1. Mennick, Fran BSN, RN

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When nursing home residents are hospitalized for pneumonia or other lower-respiratory-tract infections, they incur higher costs and often suffer a progressive decline in health. To determine if a clinical treatment pathway, or algorithm, managed by nurses could be effective in treating such residents and thereby reducing the rate of hospitalizations, Canadian researchers randomized 22 nursing homes into two groups. The 327 residents in the intervention group were treated with the clinical pathway, which included treating dehydration, monitoring oxygenation, and administering levofloxacin for 10 days. The usual-care control group included 353 residents for whom the patients' physicians made treatment decisions in concert with the nurses on staff.


Facilities that implemented the clinical pathway had hospital admission rates of 8% for residents with lower-respiratory-tract infections and pneumonia, compared with 20% in nursing homes providing usual care; for pneumonia alone, the hospital admission rates were 9% and 29%, respectively. Between the two groups there were no significant differences in mortality rate or in the number or severity of adverse effects, functional status, health-related quality of life, and rates of ED visits, secondary infections, and falls.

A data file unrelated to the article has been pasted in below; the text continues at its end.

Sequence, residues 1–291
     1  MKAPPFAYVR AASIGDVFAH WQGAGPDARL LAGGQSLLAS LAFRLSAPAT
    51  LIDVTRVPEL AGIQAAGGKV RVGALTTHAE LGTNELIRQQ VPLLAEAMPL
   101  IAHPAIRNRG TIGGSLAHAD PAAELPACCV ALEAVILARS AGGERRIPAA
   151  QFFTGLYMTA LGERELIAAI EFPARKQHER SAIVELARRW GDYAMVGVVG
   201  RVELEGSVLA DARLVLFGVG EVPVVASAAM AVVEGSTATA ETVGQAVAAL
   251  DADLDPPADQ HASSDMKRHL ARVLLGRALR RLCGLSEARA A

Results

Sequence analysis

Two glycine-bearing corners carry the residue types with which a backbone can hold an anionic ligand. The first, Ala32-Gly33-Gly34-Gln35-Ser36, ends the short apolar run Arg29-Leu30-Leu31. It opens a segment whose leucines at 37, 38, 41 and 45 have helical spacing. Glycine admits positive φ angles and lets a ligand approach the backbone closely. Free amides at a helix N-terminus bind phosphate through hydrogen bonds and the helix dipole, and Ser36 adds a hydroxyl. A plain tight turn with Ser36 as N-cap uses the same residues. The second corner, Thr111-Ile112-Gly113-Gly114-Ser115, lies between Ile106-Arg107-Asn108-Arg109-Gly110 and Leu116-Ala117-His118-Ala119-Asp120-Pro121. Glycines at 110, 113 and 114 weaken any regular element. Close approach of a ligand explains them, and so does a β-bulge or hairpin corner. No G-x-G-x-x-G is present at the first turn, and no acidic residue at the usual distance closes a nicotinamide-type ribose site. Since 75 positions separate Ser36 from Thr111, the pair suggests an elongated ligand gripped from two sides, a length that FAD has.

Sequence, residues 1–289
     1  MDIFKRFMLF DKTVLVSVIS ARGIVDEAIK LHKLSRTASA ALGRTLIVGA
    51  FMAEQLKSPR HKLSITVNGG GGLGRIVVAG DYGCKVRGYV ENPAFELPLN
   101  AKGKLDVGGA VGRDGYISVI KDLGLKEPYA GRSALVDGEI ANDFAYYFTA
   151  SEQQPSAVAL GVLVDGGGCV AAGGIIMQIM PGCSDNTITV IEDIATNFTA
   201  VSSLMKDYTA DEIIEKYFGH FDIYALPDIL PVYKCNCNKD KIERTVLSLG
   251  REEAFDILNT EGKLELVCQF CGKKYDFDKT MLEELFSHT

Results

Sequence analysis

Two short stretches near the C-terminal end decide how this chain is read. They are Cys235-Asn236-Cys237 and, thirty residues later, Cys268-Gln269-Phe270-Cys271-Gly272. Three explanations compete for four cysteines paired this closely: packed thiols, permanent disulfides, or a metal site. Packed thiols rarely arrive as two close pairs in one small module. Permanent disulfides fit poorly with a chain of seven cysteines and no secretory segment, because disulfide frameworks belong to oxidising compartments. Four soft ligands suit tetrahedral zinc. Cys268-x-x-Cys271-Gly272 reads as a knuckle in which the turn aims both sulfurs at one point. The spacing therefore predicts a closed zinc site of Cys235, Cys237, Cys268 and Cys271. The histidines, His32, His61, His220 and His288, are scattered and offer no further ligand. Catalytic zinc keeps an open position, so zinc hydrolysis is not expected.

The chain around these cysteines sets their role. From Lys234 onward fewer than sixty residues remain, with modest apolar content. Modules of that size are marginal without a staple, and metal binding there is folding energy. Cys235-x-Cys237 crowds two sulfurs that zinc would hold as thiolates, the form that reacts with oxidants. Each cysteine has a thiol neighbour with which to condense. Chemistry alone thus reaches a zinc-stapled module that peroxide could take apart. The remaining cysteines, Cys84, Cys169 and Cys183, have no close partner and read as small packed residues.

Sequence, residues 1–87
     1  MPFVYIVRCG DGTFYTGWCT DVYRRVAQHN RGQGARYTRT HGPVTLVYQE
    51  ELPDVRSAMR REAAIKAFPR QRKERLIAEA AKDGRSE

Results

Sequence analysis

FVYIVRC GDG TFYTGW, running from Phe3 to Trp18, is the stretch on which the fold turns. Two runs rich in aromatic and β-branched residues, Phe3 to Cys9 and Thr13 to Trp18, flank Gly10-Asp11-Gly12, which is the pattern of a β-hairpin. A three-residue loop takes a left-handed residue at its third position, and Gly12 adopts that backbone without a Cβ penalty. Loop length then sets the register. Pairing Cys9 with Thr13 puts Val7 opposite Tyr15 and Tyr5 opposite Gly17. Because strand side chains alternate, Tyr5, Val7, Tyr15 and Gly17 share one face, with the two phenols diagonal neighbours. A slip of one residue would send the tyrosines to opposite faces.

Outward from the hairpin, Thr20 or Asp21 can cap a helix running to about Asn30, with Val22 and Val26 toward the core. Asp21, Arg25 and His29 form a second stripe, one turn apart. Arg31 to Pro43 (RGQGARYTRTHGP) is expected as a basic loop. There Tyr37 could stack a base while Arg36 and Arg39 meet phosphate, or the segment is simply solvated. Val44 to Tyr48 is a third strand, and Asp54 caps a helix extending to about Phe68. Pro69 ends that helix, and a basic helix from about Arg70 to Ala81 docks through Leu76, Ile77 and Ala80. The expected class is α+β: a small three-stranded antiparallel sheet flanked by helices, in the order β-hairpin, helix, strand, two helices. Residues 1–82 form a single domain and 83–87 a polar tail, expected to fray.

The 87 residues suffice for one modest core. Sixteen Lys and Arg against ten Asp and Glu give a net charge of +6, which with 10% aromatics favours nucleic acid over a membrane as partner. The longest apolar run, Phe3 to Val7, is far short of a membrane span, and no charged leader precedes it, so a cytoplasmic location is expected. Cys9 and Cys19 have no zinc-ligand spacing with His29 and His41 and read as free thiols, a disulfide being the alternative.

The clinical pathway cost an average of $165 per resident, $87 more than the cost of usual care per resident. But hospitalization costs averaged $1,018 per resident in the pathway nursing homes, compared with $2,122 per resident in the usual-care homes.


The researchers estimate that lowering the rates of hospitalization for nursing home residents with lower-respiratory-tract infections through implementation of the clinical pathway could save $70 million annually in Canada and $831 million annually in the United States. However, Canada has a single-payer health system and the authors acknowledge that the multiple-payer system could be a barrier to implementation in the United States.


Fran Mennick, BSN, RN


Loeb M, et al. JAMA 2006; 295(21):2503-2510.